The two Marines who are walking the 300 miles from their homes to the White House in an effort to get President Barack Obama to take action to free U.S. Marine Sgt. Andrew Tahmooressi from a Mexican prison will arrive in Washington, D.C., on Thursday morning.
Sixty-three-year-old U.S. Marine and Vietnam veteran Terry Sharpe began the march to the White House from his home in North Carolina on Sept. 5. Just days into the walk, Sharpe met fellow Marine and Vietnam veteran Allen Brown, also 63. Brown decided to make the trek with Sharpe.
The two have walked together each day ever since, covering as much as 20 miles a day. They are now closing in on their final destination.
Sharpe is bringing with him a phone that he plans to offer Obama at the White House for the president to call the president of Mexico to have Tahmooressi released and returned to the United States.
Sharpe and Brown are carrying a letter for Obama, asking that he "show us the leadership and commitment that our service members expect and deserve from their commander-in-chief."
"As Marines we pledged long ago to never leave another Marine on the battlefield, and you have expressed this same sentiment as commander-in-chief," says the letter. "Our nation owes Sergeant Tahmooressi a debt of gratitude, and you have the ability to repay part of that debt by making one phone call."
Support for Sharpe and Brown along their walk has been growing. Over the last two weeks, not a day has passed without people joining the two Marines for part of their walk.
The support has extended beyond keeping the men company. Sharpe uses social media each night to thank those who helped them each day. The help ranges from offering food and shelter, to donating a pair of sneakers to replace old shoes worn away from the long walk.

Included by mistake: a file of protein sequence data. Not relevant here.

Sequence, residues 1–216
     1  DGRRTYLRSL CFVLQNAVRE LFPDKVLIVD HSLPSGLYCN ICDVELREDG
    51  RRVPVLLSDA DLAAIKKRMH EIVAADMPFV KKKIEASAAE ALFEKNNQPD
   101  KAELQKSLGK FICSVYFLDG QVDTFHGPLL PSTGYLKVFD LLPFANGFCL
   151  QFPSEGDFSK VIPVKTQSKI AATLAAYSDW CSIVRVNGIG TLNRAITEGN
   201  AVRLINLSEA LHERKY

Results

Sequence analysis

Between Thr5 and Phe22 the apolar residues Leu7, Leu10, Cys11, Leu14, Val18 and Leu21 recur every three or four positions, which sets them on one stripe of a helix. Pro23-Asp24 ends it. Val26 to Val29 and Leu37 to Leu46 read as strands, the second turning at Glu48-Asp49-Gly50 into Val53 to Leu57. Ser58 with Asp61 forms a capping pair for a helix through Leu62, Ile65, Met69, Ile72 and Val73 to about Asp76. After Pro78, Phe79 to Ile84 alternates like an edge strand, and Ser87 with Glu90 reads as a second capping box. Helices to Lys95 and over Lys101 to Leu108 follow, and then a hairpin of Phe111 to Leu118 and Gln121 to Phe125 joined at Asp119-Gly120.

Supporters are planning a rally right outside of D.C. in Rosslyn, Va., where people will meet up with the Marines to walk the final 2.4 miles across the Key Bridge, through Georgetown, and to the White House.
Other supporters will be waiting outside the White House when Sharpe and Brown arrive.
Sharpe and Brown also plan to meet with Jill Tahmooressi, the mother of the jailed Marine. They will present her with the two American flags they have carried during their journey.
Ms. Tahmooressi says that she has been keeping her son up-to-date on the status of Sharpe and Brown’s march to the White House and "all the support his fellow Marines are receiving along this sacrificial road."
For Sharpe, the goal remains simple.
"I have run across so many people already that don’t even know anything about him," Sharpe told the Washington Free Beacon. "There are still so many people that don’t know. I am trying to spread the word of who he is and what his problem is."
Published under: Marines